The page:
Comedy Central and the Activating Virtue
Without courage, ethical conduct is often impossible, and courage is in short supply in some quarters. One of the most egregious failures of courage recently came from that barrel of laughs known as Comedy Central, home of the Bush-bashing media darling satirical news program, “The Daily Show.” It is also home to the in-your-face cartoon satire “South Park, which created an episode that included a caricature of the Prophet Mohammed. Before you could say “one Danish, hold the cartoons!” Comedy Central blinked, censoring the images just as if it were Al Jarzeera. Why?
Because they were scared, that’s why. At least, that’s the way the Scoreboard deciphers the channel’s cravenly vague statement that “In light of recent world events we feel we made the right decision.” Does that sentence mean that since the terror attacks on 9/11 showed America that it really needs to mind its P’s and Q’s lest the Muslim world get ticked off, Comedy Central isn’t taking any chances? That it endorses the censoring of humor and satire based on how violent the targets are likely to get? That it regards John Peter Zenger, Lenny Bruce, Larry Flint, Edward R. Murrow, Henry Miller and other First Amendment warriors as big saps? Who knows, maybe all of the above; but it clearly shows us this is an outfit that is happy to bask in the protections of the First Amendment while being is unable to muster the guts to stand up for it.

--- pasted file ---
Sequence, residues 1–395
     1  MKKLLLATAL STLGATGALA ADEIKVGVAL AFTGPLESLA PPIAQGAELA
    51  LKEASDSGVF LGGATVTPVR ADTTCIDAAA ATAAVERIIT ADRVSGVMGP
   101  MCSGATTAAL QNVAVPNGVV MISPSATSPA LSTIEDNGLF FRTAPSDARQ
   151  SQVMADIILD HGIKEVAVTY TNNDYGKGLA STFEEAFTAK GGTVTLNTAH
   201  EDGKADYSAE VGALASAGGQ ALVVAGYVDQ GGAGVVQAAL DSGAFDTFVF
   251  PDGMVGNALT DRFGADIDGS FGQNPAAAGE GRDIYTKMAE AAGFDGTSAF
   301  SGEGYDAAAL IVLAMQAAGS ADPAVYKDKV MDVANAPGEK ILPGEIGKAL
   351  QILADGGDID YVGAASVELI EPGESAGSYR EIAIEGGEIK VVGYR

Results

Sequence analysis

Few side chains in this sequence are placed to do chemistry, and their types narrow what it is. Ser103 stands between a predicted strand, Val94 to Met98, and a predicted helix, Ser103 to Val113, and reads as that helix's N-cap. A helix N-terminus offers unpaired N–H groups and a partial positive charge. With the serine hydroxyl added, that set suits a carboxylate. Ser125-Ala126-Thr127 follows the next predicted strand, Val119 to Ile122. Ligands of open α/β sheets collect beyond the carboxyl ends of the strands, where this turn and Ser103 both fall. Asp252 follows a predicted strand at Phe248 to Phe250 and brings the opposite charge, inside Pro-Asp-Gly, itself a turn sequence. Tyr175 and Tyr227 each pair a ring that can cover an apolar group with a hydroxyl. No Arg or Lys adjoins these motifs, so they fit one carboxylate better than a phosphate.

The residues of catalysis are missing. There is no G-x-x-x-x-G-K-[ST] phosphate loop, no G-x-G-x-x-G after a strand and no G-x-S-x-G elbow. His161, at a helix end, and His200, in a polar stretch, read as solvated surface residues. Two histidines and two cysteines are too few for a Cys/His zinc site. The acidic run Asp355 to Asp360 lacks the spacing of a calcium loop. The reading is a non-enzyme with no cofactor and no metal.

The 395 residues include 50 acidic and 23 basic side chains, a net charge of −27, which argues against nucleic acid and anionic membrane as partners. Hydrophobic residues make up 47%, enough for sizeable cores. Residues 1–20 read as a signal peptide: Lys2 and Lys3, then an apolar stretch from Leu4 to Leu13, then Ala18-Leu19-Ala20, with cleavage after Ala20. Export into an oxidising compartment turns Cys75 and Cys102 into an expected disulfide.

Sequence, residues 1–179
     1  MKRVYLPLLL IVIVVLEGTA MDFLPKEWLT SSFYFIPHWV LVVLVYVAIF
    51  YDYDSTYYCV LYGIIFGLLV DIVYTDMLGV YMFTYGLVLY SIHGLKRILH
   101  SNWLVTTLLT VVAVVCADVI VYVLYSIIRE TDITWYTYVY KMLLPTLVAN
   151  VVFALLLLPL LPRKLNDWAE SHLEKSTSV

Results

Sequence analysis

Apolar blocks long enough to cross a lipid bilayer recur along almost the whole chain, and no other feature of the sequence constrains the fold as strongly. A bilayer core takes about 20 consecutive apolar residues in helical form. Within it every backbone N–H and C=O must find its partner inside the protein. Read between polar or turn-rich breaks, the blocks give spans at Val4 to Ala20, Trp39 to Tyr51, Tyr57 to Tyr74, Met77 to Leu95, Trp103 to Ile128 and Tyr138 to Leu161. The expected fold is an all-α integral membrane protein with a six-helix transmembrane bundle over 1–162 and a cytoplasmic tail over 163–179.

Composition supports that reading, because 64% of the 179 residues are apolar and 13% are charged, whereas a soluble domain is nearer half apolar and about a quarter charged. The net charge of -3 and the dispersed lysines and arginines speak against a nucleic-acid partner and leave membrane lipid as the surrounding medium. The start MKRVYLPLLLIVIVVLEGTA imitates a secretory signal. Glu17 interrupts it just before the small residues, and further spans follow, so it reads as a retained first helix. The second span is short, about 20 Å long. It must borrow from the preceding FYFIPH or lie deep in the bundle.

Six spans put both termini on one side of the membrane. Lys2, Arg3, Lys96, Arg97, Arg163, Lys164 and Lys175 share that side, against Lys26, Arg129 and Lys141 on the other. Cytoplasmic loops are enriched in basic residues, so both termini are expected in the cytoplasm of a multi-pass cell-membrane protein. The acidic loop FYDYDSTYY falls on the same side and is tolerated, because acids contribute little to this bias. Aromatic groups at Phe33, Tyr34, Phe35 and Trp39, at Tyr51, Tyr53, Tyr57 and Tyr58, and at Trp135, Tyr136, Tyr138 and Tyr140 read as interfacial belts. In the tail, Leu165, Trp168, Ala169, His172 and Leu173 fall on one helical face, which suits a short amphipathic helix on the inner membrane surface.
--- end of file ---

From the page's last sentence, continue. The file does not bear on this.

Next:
Comedy Central’s collapse of principle leads us to Jon Stewart, the station’s break-out star who is the public face of C.C. and its resident champion. He has excelled in getting guffaws by ridiculing President Bush, Secretaries Rumsfeld and Rice, GOP Congressional leaders and conservative religious leaders, and to be fair, he’s a funny guy, despite his flop at the Academy Awards. But this is the same Jon Stewart who hijacked his guest spot on “Cross-fire” to condemn the show’s hosts for adulterating its product, policy debate, in a cynical quest for ratings. Thus it was fair to expect this supposedly courageous truth-teller to step up and condemn his bosses for adulterating their product, current events satire, with that most un-American of practices, censorship. But Stewart did not. He hasn’t said a word yet. He continues to savage the Administration for using “fear” as a political weapon, and his barbs portray the Patriot Act as the sinister device of a party seeking to stifle freedom. Meanwhile, his station has tossed in the towel on freedom of speech, allowing extremists on another continent, from an authoritarian culture, to dictate what American audiences see on TV.
A total absence of respect will stifle the urge to laugh, and just as the Scoreboard stopped finding Woody Allen amusing once he seduced his adopted daughter, and just as O.J. Simpson’s antics as “Nordberg” in the “Naked Gun” movies make us cringe as we wonder if he’s wearing his Bruno Magli shoes, Comedy Central and head stooge Stewart have forfeited their ability to induce mirth through their sheer cowardice.
The most stinging and eloquent rebuttal of their conduct came from the word processors of Matt Stone and Trey Parker, “South Park’s” creators who authored this speech delivered by a character in the episode sanitized by Comedy Central:
Freedom of speech is at stake here, don’t you all see? If anything, we should all make cartoons of Muhammad and show the terrorists and the extremists that we are all united in the belief that every person has a right to say what they want.
Look, people, it’s been really easy for us to stand up for free speech lately. For the past few decades, we haven’t had to risk anything to defend it. One of those times is right now. And if we aren’t willing to risk what we have now, then we just believe in free speech, but won’t defend it.
Post Script: this piece would not be complete without a cartoon of Mohammed, taken from a South Park episode of a few years ago, when Comedy Central assumed that there were no risks to edgy satire. Here is Mohammed with his pals, Jesus, Buddha, and Joseph Smith: